Telecommunications and Teachers: Preliminary Findings from a National Survey.Report as inadecuate




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This newsletter presents a brief summary of central findings of a national survey designed to gather a systematic profile of the range and type of telecommunications activities being conducted by teachers for professional development or student learning. Responses were received from 550 of the 1,100 educators who were contacted through telecommunications networks and mailed questionnaires. Respondents' schools were comparable to national averages, and do not appear to represent more affluent communities than average. Over 80 percent of respondents report that they have been using computers in their teaching for five or more years. Most consider themselves intermediate or very knowledgeable about telecommunicating. They are using telecommunications for a variety of professional activities, and about two-thirds are accessing information services and carrying out collegial exchanges at least once a week. The findings suggest that telecommunications is a valuable resource for this group of teachers for professional and student learning activities, and that these educators represent a specialized group of experienced and highly educated teachers. Recommendations based on survey findings are presented. (SLD)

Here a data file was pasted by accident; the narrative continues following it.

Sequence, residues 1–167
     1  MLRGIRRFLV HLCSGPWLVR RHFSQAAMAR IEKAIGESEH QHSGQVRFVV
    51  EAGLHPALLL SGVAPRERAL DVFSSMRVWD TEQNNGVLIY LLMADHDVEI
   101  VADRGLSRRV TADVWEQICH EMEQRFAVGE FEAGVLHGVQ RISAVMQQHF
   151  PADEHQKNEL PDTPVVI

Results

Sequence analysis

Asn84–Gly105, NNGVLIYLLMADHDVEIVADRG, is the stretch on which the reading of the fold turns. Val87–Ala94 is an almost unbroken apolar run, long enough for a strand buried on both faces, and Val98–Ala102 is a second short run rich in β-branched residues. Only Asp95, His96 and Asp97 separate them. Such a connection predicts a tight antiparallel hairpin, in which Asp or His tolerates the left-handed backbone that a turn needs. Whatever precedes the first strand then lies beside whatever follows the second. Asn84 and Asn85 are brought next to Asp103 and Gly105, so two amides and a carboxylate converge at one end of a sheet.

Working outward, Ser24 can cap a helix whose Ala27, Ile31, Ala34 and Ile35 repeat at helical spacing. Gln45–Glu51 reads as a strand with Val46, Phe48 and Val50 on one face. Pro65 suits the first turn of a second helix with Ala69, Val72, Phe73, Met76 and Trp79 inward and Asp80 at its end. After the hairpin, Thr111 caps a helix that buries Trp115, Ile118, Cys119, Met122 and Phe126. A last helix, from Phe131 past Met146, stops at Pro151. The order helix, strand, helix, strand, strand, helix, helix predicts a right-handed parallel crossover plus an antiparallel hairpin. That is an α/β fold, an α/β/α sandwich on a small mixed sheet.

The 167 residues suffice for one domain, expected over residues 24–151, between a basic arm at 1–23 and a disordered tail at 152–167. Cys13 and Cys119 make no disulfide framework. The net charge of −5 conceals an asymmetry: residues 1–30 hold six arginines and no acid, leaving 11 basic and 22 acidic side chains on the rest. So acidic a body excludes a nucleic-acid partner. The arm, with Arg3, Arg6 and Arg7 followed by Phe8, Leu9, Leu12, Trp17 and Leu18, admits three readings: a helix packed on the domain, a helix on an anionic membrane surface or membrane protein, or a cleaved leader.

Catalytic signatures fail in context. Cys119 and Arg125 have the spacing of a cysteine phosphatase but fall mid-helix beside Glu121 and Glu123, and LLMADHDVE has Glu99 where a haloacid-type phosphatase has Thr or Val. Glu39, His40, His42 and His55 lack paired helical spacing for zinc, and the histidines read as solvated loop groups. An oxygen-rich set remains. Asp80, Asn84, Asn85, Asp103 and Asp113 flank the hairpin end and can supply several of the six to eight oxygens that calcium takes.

Descriptors: Computer Assisted Instruction, Educational Technology, Elementary Secondary Education, Higher Education, Information Networks, Knowledge Level, Mail Surveys, National Surveys, Newsletters, Professional Development, Questionnaires, Teacher Attitudes, Teacher Education, Teacher Role, Teaching Experience, Teaching Methods, Telecommunications, Use Studies

Bank Street College of Education, 610 West 112 Street, New York, NY 10025 (free).









Author: News from the Center for Children and Technology and the Center for Technology in Education, v2 n2 Feb 1993

Source: https://eric.ed.gov/?q=a&ft=on&ff1=dtySince_1992&pg=7843&id=ED364250







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